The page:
The second of Gingrich's three wives, Marianne, told ABC's "Nightline" on Thursday that her ex-husband asked her for an "open marriage" that would allow him to carry on with Callista Bisek, the congressional aide he was bedding behind her back.
She refused, and Gingrich later married Bisek.
Marianne Gingrich has come forward now, she said in the interview, because she believes her former spouse of 18 years lacks the moral character to serve as president of the United States.
When he admitted to a six-year affair with Bisek, and made his request to remain married with a mistress on the side, Marianne Gingrich said she was stunned.
"I just stared at him and he said: 'Callista doesn't care what I do,'" she said in her first television interview since their 1999 divorce.
"He wanted an open marriage and I refused."
Marianne Gingrich, a self-described conservative Republican, added she was shocked to learn he'd conducted his long affair with Bisek "in my bedroom in our apartment in Washington."
"He always called me at night," she recalled, "and always ended with 'I love you.' Well, she was listening."
In an interview last year with Esquire, Marianne Gingrich offered some insight into her ex's public and private proclamations.
"He believes that what he says in public and how he lives don't have to be connected," she said. She also told a reporter in the 1990s that she could end her husband's career with a single interview.
Marianne Gingrich is levelling her allegations as a batch of new polls suggest Gingrich is gaining ground on front-runner Mitt Romney in South Carolina.
The state's Republican primary voters, 60 per cent of them evangelicals, are weighing their options in advance of Saturday's contest.
Gingrich has attempted to portray himself as the socially conservative alternative to Romney, who's been married to the same woman for 42 years. It's a reinvention that has often seemed laughable, in particular when Gingrich has opined about the sanctity of matrimony in explaining his opposition to same-sex marriage.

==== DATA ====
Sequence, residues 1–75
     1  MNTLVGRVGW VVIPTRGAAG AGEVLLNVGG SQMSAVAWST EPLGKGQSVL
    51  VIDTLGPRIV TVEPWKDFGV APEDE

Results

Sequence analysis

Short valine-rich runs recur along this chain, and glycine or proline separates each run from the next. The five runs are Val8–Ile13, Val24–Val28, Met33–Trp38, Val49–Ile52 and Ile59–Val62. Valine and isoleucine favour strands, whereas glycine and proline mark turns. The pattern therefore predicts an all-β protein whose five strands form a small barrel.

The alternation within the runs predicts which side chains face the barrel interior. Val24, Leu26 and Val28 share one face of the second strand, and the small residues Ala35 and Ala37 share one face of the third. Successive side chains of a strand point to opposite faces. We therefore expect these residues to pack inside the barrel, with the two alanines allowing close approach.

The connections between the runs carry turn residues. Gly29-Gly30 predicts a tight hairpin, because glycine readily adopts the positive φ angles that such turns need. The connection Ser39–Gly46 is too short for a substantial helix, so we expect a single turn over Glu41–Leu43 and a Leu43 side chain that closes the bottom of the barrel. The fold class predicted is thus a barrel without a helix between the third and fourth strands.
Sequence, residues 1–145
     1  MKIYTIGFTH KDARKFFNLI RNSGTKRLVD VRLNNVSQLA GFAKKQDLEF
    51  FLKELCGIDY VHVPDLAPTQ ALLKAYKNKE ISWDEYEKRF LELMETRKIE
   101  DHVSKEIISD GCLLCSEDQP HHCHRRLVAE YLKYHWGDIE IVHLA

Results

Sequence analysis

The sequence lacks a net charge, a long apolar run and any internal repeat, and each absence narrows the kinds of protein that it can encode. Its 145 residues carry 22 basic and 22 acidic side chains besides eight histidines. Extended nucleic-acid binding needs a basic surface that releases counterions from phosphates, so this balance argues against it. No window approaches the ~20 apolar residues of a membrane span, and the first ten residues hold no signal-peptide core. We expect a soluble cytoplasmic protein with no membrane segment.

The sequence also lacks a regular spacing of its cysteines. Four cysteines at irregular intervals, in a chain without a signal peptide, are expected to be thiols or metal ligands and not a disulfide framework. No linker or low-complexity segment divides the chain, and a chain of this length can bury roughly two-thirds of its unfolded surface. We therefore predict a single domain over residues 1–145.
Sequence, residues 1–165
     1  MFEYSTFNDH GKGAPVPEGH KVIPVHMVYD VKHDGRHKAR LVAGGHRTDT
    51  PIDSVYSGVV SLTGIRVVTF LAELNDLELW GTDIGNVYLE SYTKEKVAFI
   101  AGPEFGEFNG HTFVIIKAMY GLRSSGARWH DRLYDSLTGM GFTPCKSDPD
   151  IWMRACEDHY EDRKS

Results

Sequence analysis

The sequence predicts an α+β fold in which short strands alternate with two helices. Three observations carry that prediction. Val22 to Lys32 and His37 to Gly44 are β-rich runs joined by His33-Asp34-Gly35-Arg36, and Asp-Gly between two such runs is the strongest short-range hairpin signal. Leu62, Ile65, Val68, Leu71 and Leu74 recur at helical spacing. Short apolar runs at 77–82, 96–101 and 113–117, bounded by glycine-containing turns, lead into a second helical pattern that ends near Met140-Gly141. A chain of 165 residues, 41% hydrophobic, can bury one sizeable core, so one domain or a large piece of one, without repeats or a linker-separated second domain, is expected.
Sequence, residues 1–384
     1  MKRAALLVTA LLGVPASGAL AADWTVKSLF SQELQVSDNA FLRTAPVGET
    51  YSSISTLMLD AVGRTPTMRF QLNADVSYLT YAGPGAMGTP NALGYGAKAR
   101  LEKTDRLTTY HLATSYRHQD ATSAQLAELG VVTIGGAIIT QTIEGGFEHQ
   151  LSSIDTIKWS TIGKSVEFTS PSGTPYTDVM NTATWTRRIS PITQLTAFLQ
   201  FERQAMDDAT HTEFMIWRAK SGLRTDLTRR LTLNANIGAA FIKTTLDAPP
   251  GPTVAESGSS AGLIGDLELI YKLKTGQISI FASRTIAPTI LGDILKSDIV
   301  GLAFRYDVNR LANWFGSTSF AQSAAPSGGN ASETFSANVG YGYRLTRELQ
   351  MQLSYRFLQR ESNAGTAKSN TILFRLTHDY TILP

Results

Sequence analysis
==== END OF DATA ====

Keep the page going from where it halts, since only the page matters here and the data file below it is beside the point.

The country's leading evangelicals apparently haven't bought it, recently snubbing Gingrich to throw their support behind former Pennsylvania Sen. Rick Santorum. They cited Gingrich's personal baggage.
Marianne Gingrich has said Gingrich proposed to her within weeks of meeting her and before his 1981 divorce was final from his first wife, his high-school geometry teacher seven years older than him. Newt and Marianne walked down the aisle six months later.
But 18 years later, Gingrich was carrying on an extra-marital affair with Bisek while pushing for former president Bill Clinton's impeachment over the Monica Lewinsky scandal.
Marianne Gingrich claims he asked Bisek to marry him before he'd asked her for a divorce, a request she claims came in a phone call to her at her mother's house as he was on his way to make a speech on family values and religion.
Even before the air date for the interview had been officially confirmed early Thursday, an internal Gingrich family feud had broken out as news of the impending interview caused a revisiting of a tawdry, complicated personal history that would do "The Jerry Springer Show" proud.
Gingrich's two daughters from his first marriage came to their father's defence, suggesting Marianne Gingrich can't be trusted given the emotional toll divorce takes on everyone involved.
"Anyone who has had that experience understands it is a personal tragedy filled with regrets, and sometimes differing memories of events," they said.
"We will not say anything negative about our father's ex-wife. He has said before, privately and publicly, that he regrets any pain he may have caused in the past to people he loves."
But their mother, the first scorned Gingrich wife, has gone further, saying whatever Marianne Gingrich has to divulge might not be accurate.
It's an admirable helping hand from Jackie Battley, the woman once dismissed by Gingrich as "not young or pretty enough to be the wife of the president. And besides, she has cancer," according to L. H. Carter, a former campaign treasurer for the politician.
Gingrich has long denied allegations that Battley was in her hospital bed recovering from cancer surgery when he asked her for a divorce. His daughters have backed up those denials.
But Battley herself had this to say in a 1985 interview with the Washington Post: "He wanted to discuss the terms of the divorce while I was recovering from the surgery. To say I gave up a lot for the marriage is the understatement of the year."
On a campaign stop in South Carolina on Thursday, Gingrich refused to comment on his ex-wife's allegations, branding them "tawdry and inappropriate."
"I'm not going to say anything about Marianne," he said, the third Mrs. Gingrich standing behind him.
Even some good news for Gingrich on Thursday came with a bit of a back-handed compliment.
Texas Gov. Rick Perry announced he was dropping out of the presidential race after a series of inelegant stumbles and bumbles.
He endorsed Gingrich, but not without some reservations.
"Newt is not perfect, but who among us is?" he said.